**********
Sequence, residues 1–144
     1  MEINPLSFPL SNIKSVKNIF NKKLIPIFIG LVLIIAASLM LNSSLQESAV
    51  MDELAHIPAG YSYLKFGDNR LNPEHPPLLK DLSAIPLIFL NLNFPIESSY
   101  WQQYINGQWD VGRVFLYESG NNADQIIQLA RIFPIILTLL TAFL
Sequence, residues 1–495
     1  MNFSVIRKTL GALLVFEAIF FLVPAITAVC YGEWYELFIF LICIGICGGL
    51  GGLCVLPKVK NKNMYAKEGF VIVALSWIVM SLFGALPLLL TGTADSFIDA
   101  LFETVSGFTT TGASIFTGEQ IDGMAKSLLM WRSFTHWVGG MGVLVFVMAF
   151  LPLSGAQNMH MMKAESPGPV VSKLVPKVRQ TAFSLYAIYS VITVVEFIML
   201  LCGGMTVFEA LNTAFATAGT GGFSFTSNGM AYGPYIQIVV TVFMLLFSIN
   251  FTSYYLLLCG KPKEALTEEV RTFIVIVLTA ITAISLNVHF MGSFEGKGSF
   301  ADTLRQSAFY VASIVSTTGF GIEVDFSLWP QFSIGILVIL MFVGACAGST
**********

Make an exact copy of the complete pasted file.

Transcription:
Sequence, residues 1–144
     1  MEINPLSFPL SNIKSVKNIF NKKLIPIFIG LVLIIAASLM LNSSLQESAV
    51  MDELAHIPAG YSYLKFGDNR LNPEHPPLLK DLSAIPLIFL NLNFPIESSY
   101  WQQYINGQWD VGRVFLYESG NNADQIIQLA RIFPIILTLL TAFL
Sequence, residues 1–495
     1  MNFSVIRKTL GALLVFEAIF FLVPAITAVC YGEWYELFIF LICIGICGGL
    51  GGLCVLPKVK NKNMYAKEGF VIVALSWIVM SLFGALPLLL TGTADSFIDA
   101  LFETVSGFTT TGASIFTGEQ IDGMAKSLLM WRSFTHWVGG MGVLVFVMAF
   151  LPLSGAQNMH MMKAESPGPV VSKLVPKVRQ TAFSLYAIYS VITVVEFIML
   201  LCGGMTVFEA LNTAFATAGT GGFSFTSNGM AYGPYIQIVV TVFMLLFSIN
   251  FTSYYLLLCG KPKEALTEEV RTFIVIVLTA ITAISLNVHF MGSFEGKGSF
   301  ADTLRQSAFY VASIVSTTGF GIEVDFSLWP QFSIGILVIL MFVGACAGST